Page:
Ad watchdog rejects complaints Thomas Jewellers ad is homophobic

Article by Eloise Keating /
Smart Company /
December 11, 2014 /
Click here to view original /

The Advertising Standards Board has rejected claims a Father’s Day television commercial vilified or discriminated against gay people.

The television spot, which first aired in August, features three men preparing to play golf. One man notices the new watch his friend is wearing, who tells him it is “from Thomas”. The two friends appear confused about who Thomas is, before a voiceover explains some of the watches on sale for Thomas Jewellers’ Father’s Day promotion.

One viewer complained to the advertising watchdog, saying the ad is “in very bad taste and is inappropriate” as it discriminates or vilifies gay people.

“I found this ad offensive as it is using and playing with the matter of gay people, also in a negative way,” the complainant said.

“It indicates discomfort and uncertainty of the friend. It shows it to be undesirable. At best it is having a joke about the man receiving [a] gift from another man i.e. ‘Thomas’.”

But the Advertising Standards Board found the advertisement created confusion about the identity of ‘Thomas’ in a “light-hearted way” and none of the characters vilified the owner of the new watch.

“It is clear to the audience that ‘Thomas’ is the jewellery store and not another man,” the board said in its ruling.

While the board said it appears the two confused friends think the owner of the new watch may be “disclosing something new about his sexuality”, they do not respond in a negative way.

“Even though the friends are confused they do not react negatively or in a derogatory way toward their friend and do not belittle him,” said the board.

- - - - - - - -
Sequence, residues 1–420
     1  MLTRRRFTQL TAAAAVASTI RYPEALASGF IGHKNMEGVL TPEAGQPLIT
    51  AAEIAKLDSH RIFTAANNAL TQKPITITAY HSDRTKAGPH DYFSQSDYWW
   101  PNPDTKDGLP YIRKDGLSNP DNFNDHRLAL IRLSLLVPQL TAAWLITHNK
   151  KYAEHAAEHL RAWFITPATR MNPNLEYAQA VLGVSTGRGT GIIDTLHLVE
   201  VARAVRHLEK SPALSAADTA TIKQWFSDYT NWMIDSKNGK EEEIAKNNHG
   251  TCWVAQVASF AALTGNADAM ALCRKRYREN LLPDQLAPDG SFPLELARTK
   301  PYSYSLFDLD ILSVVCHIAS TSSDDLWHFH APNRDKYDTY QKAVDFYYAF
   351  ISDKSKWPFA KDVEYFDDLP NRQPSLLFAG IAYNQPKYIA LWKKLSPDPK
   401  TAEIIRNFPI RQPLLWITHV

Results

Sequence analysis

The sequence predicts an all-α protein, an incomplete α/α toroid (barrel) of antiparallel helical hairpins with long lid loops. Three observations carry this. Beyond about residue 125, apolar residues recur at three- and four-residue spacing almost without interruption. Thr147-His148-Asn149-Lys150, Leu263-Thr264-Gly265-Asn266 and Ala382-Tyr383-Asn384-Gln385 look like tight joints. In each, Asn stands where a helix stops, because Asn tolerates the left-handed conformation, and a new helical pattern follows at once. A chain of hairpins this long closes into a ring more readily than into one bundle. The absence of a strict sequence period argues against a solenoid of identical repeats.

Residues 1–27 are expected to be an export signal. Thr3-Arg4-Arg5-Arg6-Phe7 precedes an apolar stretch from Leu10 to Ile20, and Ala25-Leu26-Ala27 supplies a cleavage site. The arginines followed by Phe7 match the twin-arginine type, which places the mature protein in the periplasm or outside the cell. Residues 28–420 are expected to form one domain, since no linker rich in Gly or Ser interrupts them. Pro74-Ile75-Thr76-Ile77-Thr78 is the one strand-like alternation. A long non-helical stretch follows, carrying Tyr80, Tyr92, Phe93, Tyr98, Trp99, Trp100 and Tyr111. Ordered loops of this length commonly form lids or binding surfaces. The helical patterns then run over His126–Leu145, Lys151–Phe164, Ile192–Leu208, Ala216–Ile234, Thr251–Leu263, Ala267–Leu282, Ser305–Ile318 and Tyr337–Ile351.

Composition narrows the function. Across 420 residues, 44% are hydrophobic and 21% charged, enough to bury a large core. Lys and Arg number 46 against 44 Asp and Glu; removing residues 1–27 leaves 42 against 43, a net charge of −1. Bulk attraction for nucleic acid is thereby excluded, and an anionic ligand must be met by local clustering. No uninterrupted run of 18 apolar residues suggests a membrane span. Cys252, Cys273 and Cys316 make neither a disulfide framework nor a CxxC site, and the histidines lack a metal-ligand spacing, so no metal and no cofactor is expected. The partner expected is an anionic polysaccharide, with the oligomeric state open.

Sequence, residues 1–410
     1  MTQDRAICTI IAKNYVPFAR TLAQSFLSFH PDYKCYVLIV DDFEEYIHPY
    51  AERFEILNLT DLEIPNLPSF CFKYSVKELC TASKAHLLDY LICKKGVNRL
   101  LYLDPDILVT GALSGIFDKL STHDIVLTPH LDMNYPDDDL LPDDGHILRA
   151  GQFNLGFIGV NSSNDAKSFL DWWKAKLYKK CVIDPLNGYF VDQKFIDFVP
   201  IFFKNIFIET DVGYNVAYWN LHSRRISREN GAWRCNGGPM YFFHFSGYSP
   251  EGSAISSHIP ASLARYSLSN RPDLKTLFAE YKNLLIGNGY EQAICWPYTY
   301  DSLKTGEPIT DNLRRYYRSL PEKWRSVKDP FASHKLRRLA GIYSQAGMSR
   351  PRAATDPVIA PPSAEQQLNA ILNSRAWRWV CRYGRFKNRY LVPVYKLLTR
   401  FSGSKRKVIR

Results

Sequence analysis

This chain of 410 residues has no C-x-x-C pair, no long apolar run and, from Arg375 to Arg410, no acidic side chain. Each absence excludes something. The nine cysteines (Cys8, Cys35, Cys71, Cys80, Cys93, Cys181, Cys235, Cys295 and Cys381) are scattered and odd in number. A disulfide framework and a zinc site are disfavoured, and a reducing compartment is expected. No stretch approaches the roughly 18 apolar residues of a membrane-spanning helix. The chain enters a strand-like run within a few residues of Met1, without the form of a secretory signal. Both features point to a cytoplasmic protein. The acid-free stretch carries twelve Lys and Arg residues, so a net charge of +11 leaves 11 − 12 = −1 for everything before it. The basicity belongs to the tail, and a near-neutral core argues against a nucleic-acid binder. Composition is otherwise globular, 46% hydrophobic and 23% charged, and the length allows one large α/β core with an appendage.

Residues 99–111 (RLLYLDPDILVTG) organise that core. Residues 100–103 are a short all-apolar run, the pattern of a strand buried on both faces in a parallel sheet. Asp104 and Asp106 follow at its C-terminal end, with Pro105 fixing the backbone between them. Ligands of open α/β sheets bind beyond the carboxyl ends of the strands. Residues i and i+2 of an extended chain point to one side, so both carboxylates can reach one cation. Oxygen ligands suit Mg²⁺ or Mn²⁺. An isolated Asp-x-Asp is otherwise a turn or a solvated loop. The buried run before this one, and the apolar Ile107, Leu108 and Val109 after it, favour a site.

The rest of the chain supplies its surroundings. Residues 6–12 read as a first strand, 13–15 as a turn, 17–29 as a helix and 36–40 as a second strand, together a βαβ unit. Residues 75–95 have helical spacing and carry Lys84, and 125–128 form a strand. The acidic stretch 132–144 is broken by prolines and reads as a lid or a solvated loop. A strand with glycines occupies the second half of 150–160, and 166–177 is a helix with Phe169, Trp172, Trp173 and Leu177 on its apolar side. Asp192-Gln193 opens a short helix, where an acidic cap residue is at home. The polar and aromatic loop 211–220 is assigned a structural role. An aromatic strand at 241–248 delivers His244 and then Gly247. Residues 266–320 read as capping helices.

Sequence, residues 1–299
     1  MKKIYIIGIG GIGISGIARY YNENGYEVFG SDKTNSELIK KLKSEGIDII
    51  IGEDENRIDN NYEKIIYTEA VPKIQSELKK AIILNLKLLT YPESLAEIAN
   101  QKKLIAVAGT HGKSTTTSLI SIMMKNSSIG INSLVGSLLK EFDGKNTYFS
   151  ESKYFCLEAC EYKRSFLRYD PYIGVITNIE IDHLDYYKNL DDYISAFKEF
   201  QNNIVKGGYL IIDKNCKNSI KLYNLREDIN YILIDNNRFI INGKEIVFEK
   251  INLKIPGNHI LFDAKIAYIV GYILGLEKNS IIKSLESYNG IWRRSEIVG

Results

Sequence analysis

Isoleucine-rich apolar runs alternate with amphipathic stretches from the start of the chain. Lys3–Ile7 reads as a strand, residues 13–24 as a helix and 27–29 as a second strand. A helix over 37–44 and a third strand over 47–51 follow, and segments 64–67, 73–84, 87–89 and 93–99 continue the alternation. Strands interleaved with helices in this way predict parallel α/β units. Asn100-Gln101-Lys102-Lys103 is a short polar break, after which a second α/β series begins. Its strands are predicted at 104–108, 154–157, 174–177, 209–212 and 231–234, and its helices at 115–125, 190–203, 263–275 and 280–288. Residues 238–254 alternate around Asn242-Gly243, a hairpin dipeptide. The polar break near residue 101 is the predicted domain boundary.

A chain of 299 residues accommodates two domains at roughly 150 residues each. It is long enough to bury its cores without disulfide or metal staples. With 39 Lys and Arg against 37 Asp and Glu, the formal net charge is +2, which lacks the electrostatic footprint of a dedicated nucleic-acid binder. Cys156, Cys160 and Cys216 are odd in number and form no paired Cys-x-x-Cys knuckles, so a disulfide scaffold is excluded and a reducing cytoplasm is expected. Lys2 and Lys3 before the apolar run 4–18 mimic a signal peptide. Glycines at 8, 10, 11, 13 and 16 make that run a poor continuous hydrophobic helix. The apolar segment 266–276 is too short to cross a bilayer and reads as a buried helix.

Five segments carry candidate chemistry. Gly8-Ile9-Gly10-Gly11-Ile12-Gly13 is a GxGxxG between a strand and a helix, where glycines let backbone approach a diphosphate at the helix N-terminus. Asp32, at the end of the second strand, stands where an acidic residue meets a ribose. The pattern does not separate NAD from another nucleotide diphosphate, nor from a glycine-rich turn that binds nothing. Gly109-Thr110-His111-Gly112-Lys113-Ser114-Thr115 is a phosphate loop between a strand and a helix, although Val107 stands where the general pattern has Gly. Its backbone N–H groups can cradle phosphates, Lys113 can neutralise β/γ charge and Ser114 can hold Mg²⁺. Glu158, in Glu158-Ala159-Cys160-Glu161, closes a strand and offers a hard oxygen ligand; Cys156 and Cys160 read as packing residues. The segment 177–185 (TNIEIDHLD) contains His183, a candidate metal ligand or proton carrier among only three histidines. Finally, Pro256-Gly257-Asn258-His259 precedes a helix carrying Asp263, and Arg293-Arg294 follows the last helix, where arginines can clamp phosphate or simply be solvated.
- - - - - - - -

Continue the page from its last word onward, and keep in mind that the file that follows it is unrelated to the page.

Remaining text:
Thomas Jewellers did not respond to the initial complaint and SmartCompany did not receive a response when it contacted the company this morning.

Melbourne University senior lecturer Dr Lauren Rosewarne, an expert on sexuality in advertising, told SmartCompany the Thomas Jewellers advertisement appears to play on language and the name of the brand, as opposed to ridiculing homosexual men.

“Advertising is all about achieving cut-through and getting noticed, and this ad plays on the Thomas Jewellers name and the idea that friends may not know everything about each other,” Rosewarne says.

Rosewarne says in many cases, complaints about advertisements come from what a viewer has read into the material, based on their own prejudices or preconceptions, instead of the actual content of the ad.

“That’s the problem with offence grounded in reading something into an ad that’s not there. You see it with complaints about the sexualisation of children. They say the child is in those particular clothes so they are being sexualised, but in reality, there are a few steps between that and sexualisation.”

Rosewarne says part of the “beauty of images is that they are open to interpretation” but that is “not the same thing as offence”.